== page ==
Best viewed large.
Two sets of 3 exposure HDRs (-2,0,+2) stitched together using Panorama Maker software.
The HDR images were generated first and then the resultant two photos stitched together in Panorama Maker. Very little Photoshop required, except to crop the picture to remove a wall on the extreme left.
The lens was set to 50mm equivalent to give a more natural look to the stitched photo.
Information on the bridge:
The Humber Bridge is the fourth-largest single-span suspension bridge in the world, near Kingston upon Hull in England. It spans the Humber (the estuary formed by the rivers Trent and Ouse) between Barton-upon-Humber on the south bank and Hessle on the north bank, connecting the East Riding of Yorkshire and North Lincolnshire.
Plans for a bridge were originally drawn up in the 1930s, and were revised in 1955, but work did not begin until July 26, 1972. The bridge was finally opened officially by the Queen on 17 July 1981. The consulting engineers for the project were Freeman Fox & Partners (now Hyder).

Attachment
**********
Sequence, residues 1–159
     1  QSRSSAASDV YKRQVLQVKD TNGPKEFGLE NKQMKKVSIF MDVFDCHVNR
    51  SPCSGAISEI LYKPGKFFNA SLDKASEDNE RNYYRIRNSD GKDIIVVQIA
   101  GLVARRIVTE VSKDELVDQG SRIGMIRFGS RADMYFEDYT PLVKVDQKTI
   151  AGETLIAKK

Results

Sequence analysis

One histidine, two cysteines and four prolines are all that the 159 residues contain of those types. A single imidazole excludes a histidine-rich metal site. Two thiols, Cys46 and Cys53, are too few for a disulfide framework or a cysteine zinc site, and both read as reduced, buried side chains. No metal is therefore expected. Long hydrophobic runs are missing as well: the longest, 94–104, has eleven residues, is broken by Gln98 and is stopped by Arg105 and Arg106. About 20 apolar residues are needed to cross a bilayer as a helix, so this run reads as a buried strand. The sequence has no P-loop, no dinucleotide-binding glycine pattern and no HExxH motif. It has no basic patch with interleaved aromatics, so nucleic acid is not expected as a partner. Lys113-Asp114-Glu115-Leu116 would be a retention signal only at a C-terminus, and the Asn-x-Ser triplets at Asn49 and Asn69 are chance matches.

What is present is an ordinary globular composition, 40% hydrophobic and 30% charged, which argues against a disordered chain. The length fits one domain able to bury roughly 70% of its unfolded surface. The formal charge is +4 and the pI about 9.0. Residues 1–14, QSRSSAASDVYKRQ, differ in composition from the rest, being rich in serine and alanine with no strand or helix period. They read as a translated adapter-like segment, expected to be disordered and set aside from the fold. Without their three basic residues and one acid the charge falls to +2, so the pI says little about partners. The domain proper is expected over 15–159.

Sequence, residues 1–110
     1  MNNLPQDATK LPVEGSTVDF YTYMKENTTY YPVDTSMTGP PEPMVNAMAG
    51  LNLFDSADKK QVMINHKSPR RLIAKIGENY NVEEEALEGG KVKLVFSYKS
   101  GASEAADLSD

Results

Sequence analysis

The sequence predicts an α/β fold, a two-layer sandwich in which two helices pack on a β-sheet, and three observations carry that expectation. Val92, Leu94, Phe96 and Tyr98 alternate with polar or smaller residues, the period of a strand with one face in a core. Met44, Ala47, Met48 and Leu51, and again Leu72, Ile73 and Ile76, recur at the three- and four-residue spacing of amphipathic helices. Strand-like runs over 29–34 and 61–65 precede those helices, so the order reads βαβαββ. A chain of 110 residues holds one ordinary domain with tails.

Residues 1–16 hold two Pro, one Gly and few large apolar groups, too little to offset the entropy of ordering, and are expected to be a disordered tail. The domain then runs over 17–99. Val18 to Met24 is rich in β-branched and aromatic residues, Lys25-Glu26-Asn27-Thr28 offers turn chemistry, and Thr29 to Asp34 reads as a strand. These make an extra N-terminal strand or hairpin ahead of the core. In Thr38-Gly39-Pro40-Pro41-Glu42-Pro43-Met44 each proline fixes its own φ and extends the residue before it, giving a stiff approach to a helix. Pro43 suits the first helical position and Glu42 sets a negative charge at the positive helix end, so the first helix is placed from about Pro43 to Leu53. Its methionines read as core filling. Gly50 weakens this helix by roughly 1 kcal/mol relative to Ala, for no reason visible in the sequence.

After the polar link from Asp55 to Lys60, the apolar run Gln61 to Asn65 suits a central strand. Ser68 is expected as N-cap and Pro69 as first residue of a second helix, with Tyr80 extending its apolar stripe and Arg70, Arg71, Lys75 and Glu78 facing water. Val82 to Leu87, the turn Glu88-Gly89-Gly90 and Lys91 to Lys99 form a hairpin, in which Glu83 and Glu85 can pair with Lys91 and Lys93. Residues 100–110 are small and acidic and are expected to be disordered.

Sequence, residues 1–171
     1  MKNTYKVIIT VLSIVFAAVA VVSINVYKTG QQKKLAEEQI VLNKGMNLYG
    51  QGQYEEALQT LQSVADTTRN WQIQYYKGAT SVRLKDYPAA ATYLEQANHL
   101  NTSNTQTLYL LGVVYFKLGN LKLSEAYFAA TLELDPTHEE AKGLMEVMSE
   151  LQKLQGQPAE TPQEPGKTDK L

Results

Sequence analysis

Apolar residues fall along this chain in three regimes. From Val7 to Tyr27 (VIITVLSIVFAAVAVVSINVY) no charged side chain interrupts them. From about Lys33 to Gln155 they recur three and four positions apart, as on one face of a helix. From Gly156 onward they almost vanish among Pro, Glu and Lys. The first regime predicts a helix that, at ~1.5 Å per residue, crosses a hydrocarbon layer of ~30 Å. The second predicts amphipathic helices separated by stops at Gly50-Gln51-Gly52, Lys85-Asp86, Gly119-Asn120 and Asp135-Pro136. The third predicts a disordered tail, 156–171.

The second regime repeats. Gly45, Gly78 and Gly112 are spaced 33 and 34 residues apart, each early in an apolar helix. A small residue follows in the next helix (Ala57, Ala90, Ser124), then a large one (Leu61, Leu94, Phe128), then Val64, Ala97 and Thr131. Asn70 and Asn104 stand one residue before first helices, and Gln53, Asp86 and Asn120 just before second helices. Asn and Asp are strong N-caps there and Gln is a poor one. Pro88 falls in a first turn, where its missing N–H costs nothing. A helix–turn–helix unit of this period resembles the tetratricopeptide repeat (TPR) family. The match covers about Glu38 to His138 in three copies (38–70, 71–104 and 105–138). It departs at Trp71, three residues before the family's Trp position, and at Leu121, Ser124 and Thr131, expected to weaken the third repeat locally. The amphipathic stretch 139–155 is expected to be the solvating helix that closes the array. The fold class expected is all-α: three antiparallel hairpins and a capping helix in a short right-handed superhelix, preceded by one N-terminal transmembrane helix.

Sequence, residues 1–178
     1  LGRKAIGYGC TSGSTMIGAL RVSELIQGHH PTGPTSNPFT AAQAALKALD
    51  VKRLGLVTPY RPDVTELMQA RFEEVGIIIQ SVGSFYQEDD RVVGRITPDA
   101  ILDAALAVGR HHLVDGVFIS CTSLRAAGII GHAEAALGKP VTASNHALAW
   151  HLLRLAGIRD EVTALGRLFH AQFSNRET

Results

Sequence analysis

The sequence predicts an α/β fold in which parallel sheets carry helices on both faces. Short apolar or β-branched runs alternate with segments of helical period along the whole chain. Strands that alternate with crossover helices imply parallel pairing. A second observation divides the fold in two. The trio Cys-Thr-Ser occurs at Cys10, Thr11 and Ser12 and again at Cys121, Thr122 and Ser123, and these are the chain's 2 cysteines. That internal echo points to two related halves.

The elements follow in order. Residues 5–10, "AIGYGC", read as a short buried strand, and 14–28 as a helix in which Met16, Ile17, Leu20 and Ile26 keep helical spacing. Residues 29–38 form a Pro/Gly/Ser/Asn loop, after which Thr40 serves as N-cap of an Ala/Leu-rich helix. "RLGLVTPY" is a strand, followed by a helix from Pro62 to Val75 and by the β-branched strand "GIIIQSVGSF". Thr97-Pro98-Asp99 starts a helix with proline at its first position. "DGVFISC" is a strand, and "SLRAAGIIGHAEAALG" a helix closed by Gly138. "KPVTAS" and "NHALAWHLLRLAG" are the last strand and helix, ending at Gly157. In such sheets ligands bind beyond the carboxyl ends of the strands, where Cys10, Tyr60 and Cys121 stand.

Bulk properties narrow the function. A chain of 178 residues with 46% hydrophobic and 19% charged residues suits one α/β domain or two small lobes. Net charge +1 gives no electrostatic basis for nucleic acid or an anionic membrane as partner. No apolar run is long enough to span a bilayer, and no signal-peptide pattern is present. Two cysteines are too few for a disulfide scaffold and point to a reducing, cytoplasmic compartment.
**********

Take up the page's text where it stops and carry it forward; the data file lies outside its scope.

With a centre span of 1,410 metres (4,626 ft) and a total length of
2,220 metres (7,283 ft), the Humber Bridge was the longest single-span
suspension bridge in the world for 16 years.
The bridge's surface takes the form of a dual carriageway with a lower-level footpath on both sides, although traffic is often restricted to one lane both ways. There is a permanent 50mph speed limit on the full length of the bridge.
Each tower consists of a pair of hollow vertical concrete columns, each 155.5 metres (510 ft) tall and tapering from 6 metres square at the base to 4.5 x 4.75 metres at the top. The bridge is designed to tolerate constant motion and bends more than three metres in winds of 80 mph (36 m/s). The towers, although both vertical, are not parallel, being 36 mm further apart at the top than the bottom as a result of the curvature of the earth.
The north tower is on the bank, and has foundations down to 8 metres (26 ft). The south tower is in the water, and descends to 36 metres (118 ft) as a consequence of the shifting sandbanks that make up the estuary.
There is enough wire in the suspension cables to circle the Earth nearly twice.